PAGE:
Inanna, as we all know, is the most changeable and mercurial of goddesses, a mistress of opposites and paradoxes, a god with radically changeable personality and functions, a god who not only bends gender but may also change sex in herself, and at least cultically, in her worshipers. Is there a rational order to these changes? To what degree can they be plotted according to the place in which she is worshiped, the time when the texts were written, or the type of texts we read?
In order to unravel the complex evidence about Inanna, it may be valuable to pick a genre of texts and approach them with radical ignorance, putting out of our mind everything we know about Inanna in order to see what these texts say in isolation. I chose to begin with the Dumuzi-Inanna songs, because this is a fairly large corpus and because of their inherent interest to us as sacred marriage texts. The study of these songs has been greatly facilitated by the critical edition prepared by Yitschak Sefati, “Love Songs in Sumerian Literature: Critical Edition of the Dumuzi-lnanna Songs.”1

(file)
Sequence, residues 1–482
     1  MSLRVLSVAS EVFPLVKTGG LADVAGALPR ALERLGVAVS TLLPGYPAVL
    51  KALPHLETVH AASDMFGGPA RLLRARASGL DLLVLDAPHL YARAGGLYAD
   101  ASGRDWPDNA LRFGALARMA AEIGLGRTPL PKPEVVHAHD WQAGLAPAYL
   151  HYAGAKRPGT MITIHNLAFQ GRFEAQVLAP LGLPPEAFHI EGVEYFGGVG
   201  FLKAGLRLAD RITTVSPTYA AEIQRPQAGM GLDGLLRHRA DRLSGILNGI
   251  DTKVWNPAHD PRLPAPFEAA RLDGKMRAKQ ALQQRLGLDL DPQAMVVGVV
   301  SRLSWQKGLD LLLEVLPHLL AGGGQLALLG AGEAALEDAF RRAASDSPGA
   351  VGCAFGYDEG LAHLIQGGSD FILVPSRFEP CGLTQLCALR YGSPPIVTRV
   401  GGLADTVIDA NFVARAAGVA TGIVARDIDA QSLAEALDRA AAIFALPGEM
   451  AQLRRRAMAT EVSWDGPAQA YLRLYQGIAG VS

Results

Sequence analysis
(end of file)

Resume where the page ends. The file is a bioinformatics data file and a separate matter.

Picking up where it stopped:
First, having just read through all these poems, I have to bear witness to the fact that, to this woman at least, they are not very interesting literature, and certainly not very erotic. These songs speak in two modes: in one, the inner meaning of the texts and ritual is apparent: Dumuzi is the king and Inanna bestows fertility on him. In this mode, Inanna is praised as the fertile and fructifying goddess, a vine and a furrow, the true plant who mates with the shepherd. She is the goddess who blesses Ama-usum-gal-anna2 and rewards him with abundance,3 giving him life and long days4 as he stands before her in prayer, blesses him on the wedding bed.5
In the other mode of the Dumuzi-Inanna texts, the pair speak as lovers, and the goddess/king aspect recedes into the distance. Mostly we hear Inanna's voice, describing Dumuzi, her love for him, and her